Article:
Clothing retailer Truworths felt the pain of port congestion and declining consumer spending in South Africa in the second half of 2023, particularly during the festive season.

In a voluntary trading update for the 26 weeks to the end of December 2023, Truworths revealed that its sales in South Africa decreased by 0.3% to R8.4 billion.

Truworths owns prominent retail fashion brands, including its namesake, Daniel Hechter, Identity, and Office London.

In the last nine weeks of the year, from 30 October to 31 December, sales decreased by 1.6% to R4 billion compared to the same period in 2022.

The company bemoaned congestion at South Africa’s ports, which resulted in lower-than-expected merchandise deliveries for the festive season.

Declining consumer confidence and deteriorating credit health of South Africans also hit Truworths’ business.

More concerning was the company’s like-for-like sales, which declined by 3.3%. This figure strips out the growth that comes from opening new stores. It compares the performance of stores the company has kept throughout the year.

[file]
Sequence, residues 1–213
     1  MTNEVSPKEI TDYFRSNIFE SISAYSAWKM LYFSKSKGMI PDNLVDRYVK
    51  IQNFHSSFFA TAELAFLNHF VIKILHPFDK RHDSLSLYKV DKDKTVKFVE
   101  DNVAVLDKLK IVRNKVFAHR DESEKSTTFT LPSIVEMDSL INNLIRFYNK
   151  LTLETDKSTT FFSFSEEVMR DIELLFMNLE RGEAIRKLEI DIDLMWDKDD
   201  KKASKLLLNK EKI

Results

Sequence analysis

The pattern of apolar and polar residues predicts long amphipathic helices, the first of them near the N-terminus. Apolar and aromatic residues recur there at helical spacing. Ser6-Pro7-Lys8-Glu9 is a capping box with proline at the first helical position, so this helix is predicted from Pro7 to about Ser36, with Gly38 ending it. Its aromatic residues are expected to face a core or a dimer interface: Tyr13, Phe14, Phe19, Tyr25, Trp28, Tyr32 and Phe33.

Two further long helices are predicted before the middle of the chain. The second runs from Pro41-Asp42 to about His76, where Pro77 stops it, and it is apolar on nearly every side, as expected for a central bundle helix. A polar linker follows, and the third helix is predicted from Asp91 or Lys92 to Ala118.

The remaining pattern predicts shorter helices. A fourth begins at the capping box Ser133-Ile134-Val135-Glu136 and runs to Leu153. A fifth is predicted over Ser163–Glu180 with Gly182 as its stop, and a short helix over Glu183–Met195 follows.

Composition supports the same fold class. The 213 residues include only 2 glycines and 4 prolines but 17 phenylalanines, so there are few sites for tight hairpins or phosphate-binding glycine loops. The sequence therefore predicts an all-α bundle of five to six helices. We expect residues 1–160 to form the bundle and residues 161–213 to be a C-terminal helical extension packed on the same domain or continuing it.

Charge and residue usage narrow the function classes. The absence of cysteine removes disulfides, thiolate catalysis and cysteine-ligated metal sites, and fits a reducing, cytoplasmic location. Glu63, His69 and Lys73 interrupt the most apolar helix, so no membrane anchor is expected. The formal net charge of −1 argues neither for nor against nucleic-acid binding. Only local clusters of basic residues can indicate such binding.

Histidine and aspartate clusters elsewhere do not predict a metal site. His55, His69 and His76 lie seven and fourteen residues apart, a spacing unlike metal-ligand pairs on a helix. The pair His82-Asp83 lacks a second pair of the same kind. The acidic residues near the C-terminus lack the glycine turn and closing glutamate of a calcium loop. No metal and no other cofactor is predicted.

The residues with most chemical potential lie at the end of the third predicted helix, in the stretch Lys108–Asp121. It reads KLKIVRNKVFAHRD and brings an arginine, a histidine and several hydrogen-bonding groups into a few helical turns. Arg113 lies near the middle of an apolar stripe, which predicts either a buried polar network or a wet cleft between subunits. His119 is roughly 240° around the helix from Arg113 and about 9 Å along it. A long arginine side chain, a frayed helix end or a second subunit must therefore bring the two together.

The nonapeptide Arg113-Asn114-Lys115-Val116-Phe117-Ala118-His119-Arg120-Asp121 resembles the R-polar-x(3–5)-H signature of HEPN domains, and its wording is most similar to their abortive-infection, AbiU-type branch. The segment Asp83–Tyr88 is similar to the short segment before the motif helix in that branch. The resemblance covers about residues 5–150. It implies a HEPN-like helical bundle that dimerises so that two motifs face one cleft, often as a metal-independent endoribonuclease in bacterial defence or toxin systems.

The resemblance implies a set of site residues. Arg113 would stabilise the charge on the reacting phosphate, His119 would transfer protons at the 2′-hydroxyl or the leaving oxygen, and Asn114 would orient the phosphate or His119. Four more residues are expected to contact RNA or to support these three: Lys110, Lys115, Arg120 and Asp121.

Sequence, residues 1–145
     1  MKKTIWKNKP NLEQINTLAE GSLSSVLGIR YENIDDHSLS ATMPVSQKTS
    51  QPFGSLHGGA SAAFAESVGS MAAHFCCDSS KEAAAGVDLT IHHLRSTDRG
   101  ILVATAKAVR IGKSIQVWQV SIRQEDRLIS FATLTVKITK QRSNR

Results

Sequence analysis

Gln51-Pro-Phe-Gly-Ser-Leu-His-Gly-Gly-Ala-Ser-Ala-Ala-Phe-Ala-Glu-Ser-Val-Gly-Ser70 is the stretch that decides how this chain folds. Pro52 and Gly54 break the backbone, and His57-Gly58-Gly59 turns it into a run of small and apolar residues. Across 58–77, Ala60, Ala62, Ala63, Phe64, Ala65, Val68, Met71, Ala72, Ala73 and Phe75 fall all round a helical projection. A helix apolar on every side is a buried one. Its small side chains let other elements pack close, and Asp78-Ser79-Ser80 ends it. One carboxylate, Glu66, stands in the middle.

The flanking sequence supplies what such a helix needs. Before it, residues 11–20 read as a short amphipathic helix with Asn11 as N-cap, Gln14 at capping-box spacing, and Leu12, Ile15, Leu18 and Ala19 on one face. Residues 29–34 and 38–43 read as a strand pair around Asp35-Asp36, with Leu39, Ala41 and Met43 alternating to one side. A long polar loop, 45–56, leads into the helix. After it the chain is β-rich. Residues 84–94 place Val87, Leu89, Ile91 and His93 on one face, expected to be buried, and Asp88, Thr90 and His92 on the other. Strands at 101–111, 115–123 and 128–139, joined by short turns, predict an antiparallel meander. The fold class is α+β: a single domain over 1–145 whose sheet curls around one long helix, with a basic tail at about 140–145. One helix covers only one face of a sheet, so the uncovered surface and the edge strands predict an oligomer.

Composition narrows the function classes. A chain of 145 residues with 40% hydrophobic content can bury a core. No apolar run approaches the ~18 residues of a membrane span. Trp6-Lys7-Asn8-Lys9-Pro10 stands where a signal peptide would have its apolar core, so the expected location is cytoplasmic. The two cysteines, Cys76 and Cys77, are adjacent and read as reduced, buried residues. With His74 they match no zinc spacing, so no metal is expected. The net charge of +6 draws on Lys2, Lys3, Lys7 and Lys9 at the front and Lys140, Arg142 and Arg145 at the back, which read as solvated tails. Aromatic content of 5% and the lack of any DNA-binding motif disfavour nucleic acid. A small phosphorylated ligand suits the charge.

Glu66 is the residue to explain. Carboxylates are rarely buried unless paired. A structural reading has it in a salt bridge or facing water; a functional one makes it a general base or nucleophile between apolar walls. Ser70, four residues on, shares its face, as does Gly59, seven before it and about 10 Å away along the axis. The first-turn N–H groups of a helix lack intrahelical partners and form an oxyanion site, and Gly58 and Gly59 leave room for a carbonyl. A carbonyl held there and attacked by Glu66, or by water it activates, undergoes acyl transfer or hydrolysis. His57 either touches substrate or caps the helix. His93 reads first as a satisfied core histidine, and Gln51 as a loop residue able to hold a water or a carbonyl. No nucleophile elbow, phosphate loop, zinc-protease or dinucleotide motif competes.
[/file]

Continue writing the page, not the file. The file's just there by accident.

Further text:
On a more positive note, the company’s UK-based business, Office, showed strong growth of 15.6% in pound terms and 33.1% in rand terms.

This strong performance improved Truworths’ total retail sales across the group by 8.2% in the period. The company estimates its earnings per share to increase between 1% and 5% for the period.

Truworths’ poor festive season performance indicates that it is losing ground to its South African competitors – Mr Price and The Foschini Group.

Both Mr Price and Foschini produced strong results for the festive season, increasing their sales by nearly 10%.

In December, both grew their sales by over 10% and took market share according to their metrics.

Their better performance may reflect better supply chain resilience and increased local production as Mr Price and Foschini largely avoided the impact of South Africa’s port congestion.